Testing, Testing... How To Be a Better Listener in a Relationship?

It’s no secret that humans often communicate with machines in this modern era more than each other. We ask digital assistants about the weather, use the self-checkout kiosk at the grocery store and do our banking with ever-helpful finance apps.

What little communication skills people do pick up are easily lost to digital distractions and passive listening. This lack of communication skills has a ripple effect across our relationships, widening an emotional disconnect that invariably leads to more significant issues. 

That can be a big problem professionally and a disastrous one personally. So, how does a preoccupied partner mend their inattentive ways? Lend us your ears — we’re going to show you how to become a better listener in a relationship.

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Hearing Trouble

better listener in a relationship

A study conducted in 2013 surveyed 100 mental health professionals and found what many counselors already knew — that communication issues were the most common factor that led to breakups and divorce. 

Why is listening so hard to do in a relationship?

There are plenty of circumstances that contribute to the difficulty, but it boils down to that we’re often never really taught how to listen correctly. Listening requires time and effort and a willingness to step back and be present for someone else — which is more complex than it seems! You might get defensive or aggressive, be overly critical, or disengaged. That’s never good news for lovers. 

Poor communication can cause stress, sow seeds of doubt, breed resentment, and make partners feel hopeless and less valued. 

Here are a few hallmarks of a lousy listener. Try to see if you recognize any of these in yourself:

  • You’re distracted. We’ve all experienced it — you’re pouring your heart out, and the other person is glancing at their phone with their eyes glazed over. They’ll kindly say “mmhm” every so often, usually after a brief pause once they’ve realized you’ve stopped speaking. Ouch.

  • You have an agendaWhether it’s to brag, acquire information or create an opportunity to share something about yourself, bringing a schedule to a conversation precludes you from being an active listener.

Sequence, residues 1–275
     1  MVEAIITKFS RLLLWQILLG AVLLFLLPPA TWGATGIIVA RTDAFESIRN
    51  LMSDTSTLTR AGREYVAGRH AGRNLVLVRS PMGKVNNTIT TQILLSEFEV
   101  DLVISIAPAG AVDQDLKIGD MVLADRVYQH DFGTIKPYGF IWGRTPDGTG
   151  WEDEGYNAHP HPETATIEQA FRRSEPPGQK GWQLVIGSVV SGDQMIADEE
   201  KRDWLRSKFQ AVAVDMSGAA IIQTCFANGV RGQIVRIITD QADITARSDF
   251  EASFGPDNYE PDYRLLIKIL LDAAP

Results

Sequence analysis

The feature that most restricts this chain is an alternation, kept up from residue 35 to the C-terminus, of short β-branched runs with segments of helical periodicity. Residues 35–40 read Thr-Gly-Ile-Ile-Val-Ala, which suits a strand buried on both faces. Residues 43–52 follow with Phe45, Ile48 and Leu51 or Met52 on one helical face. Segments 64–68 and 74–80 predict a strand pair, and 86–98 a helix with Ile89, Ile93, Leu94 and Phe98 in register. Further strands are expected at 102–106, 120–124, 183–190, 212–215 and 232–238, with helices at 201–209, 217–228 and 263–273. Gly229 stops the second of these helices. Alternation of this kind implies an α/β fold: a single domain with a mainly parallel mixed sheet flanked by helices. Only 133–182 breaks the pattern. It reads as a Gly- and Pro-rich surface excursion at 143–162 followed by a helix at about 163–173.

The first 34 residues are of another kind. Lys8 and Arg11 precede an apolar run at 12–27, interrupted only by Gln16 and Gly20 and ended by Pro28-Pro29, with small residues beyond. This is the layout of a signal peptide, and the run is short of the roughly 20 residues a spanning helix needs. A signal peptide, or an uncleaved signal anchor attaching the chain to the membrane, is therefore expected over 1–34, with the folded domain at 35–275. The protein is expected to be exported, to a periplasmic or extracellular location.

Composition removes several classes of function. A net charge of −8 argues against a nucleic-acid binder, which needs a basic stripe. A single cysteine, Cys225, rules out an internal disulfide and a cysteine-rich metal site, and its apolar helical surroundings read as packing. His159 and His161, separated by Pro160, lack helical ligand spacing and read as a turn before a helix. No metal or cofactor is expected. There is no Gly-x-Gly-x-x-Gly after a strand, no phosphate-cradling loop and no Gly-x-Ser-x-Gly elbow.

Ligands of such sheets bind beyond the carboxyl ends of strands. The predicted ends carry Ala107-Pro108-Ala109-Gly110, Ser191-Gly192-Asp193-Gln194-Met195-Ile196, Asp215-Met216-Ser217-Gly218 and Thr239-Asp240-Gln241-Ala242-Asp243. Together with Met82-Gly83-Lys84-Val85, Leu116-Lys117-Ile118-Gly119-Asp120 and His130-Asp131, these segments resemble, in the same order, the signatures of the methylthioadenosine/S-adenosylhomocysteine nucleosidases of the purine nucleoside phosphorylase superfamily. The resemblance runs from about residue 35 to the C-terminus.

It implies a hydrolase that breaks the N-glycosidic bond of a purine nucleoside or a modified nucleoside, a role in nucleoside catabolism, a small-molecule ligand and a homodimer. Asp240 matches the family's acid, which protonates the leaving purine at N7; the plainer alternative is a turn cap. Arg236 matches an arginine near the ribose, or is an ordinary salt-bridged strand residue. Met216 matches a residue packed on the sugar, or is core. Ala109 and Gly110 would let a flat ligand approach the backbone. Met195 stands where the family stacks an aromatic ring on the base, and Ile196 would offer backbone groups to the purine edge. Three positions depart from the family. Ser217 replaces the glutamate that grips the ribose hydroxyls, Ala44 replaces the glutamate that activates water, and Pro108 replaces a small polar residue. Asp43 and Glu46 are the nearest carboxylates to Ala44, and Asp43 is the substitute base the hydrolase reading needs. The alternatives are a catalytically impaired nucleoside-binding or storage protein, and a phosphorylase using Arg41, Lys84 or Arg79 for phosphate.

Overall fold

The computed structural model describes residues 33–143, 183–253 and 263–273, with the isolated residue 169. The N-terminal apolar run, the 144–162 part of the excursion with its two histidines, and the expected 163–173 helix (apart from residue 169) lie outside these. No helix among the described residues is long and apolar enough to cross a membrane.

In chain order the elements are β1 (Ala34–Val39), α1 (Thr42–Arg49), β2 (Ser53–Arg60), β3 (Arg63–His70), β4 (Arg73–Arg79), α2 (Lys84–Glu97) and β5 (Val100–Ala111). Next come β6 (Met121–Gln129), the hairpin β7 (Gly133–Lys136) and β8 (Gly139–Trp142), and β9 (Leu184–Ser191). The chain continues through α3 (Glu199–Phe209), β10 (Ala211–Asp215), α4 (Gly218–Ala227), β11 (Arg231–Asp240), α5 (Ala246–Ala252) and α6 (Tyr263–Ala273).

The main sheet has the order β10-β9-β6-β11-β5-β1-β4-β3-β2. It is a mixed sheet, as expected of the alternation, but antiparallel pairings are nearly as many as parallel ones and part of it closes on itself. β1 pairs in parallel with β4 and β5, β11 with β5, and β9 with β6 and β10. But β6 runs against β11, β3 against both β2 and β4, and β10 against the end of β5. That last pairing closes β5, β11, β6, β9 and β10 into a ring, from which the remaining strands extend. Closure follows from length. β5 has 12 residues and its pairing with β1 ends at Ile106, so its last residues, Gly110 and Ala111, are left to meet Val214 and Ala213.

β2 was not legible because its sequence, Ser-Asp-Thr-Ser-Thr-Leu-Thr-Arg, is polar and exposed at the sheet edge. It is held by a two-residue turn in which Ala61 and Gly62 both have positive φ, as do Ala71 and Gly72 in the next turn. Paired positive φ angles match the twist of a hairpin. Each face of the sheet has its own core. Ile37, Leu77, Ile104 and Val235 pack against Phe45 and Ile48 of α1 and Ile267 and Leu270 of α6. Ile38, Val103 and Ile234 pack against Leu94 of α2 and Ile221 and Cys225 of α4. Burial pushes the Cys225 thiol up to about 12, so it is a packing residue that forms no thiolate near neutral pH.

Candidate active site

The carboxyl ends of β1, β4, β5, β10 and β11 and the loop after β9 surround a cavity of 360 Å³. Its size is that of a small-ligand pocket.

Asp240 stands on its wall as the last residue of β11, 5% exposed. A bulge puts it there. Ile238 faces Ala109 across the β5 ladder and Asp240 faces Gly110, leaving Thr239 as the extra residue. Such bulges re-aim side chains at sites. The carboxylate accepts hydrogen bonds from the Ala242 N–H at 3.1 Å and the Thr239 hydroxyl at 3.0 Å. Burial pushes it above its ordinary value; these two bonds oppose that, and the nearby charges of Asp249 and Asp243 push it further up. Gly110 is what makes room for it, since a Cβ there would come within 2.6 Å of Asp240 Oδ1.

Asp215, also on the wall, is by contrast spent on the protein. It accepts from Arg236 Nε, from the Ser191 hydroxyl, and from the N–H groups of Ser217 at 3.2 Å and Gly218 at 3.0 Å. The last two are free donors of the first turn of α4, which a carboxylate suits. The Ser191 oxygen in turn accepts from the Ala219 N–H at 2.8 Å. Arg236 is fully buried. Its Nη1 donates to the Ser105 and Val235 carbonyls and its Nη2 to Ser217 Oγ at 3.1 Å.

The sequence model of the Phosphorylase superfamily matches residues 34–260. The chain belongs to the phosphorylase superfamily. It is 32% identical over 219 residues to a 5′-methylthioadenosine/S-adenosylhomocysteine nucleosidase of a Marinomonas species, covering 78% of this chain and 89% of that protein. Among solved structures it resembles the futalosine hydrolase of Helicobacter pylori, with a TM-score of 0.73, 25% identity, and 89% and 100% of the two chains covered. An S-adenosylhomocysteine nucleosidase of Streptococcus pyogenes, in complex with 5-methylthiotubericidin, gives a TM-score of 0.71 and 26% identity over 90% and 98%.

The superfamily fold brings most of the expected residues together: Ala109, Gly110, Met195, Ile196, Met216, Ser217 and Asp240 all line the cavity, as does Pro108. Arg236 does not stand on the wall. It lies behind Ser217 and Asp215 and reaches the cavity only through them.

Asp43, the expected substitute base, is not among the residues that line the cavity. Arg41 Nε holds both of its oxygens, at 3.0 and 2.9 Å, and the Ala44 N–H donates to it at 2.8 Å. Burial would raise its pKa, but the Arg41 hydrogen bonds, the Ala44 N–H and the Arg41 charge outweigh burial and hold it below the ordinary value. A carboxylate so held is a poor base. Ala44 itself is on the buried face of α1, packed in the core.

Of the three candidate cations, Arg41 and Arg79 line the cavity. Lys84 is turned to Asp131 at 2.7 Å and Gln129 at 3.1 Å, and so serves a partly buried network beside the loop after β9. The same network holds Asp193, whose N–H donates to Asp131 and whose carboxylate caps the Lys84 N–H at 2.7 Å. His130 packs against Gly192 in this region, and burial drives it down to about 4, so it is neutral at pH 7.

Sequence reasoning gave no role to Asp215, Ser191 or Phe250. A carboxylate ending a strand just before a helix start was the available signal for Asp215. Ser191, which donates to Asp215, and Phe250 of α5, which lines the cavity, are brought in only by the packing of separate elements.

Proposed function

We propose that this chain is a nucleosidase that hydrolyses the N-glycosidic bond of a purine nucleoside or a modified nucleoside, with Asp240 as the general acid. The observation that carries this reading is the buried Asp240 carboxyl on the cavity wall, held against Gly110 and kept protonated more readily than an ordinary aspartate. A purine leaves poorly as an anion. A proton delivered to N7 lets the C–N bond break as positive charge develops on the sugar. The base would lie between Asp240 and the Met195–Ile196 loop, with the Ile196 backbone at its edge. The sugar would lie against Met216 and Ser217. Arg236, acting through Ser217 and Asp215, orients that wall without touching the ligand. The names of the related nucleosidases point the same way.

• You’re thinking about what you’re going to say next. Maybe you’re talking about something insanely exciting, and you can’t wait to tell your piece. So you plan while the other person is talking. Sadly, you miss out on the gestures, cues, and what your partner says, making the convo one-sided.

  • You interrupt. Sometimes this goes hand in hand with thinking about what you’re going to say next. Interjections can be used to get the other person to slow down, so you understand, but other times they can derail a conversation.

  • You get heated or aggressive. Arguments are some of the most challenging times to be a good communicator, as even the best of us get emotional and have trouble keeping it together. All the same, the result is a conversation where neither side feels heard.

There’s no need to beat yourself up if you’re guilty of any of these. Everyone is a lousy listener from time to time. That doesn’t have to be the case for you with a bit of effort and intention.

Tips on How To Be a Better Listener in a Relationship

better listener men

It’s not just enough to learn how to listen to your partner better. It would be best if you learned how to be a better empathic listener in general. When you show your partner you understand and even share their feelings, they feel validated and heard. It will serve you in other relationships, too.

Below are some ways to sharpen your listening skills.